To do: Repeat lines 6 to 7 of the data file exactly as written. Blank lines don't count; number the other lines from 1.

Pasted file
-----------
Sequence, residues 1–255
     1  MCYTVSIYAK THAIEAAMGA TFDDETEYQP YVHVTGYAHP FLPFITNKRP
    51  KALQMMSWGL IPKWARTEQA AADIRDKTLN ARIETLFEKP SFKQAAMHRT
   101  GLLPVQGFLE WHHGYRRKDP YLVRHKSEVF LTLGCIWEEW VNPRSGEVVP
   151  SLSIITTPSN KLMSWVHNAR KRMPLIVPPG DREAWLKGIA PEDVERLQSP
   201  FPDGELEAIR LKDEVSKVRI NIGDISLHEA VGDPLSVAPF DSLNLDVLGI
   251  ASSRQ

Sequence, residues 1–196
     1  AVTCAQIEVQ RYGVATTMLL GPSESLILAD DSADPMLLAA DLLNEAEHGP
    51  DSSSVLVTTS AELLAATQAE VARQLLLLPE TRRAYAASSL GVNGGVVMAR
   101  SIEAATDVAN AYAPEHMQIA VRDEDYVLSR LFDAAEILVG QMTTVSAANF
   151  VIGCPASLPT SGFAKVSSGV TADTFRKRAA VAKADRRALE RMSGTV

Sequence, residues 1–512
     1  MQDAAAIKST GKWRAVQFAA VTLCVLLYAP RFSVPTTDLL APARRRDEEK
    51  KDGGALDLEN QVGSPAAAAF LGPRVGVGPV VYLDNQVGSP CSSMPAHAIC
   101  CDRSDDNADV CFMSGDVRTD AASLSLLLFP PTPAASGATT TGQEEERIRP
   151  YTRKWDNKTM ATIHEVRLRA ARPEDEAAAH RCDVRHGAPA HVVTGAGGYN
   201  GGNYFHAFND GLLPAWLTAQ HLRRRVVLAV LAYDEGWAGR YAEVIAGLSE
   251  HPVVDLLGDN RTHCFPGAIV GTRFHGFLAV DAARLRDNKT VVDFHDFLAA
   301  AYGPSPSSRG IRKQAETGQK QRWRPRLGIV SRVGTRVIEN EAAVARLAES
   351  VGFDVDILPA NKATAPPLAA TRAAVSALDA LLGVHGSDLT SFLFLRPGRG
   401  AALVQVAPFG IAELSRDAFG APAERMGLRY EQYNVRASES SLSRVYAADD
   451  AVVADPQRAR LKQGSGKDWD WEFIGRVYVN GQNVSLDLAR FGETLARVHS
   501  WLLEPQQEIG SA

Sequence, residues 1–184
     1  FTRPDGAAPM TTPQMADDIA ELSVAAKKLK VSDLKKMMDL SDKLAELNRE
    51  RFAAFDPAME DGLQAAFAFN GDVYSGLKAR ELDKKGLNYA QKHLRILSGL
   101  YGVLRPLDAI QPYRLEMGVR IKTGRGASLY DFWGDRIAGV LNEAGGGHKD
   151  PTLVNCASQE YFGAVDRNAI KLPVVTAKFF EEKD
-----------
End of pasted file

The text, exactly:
   201  FPDGELEAIR LKDEVSKVRI NIGDISLHEA VGDPLSVAPF DSLNLDVLGI
   251  ASSRQ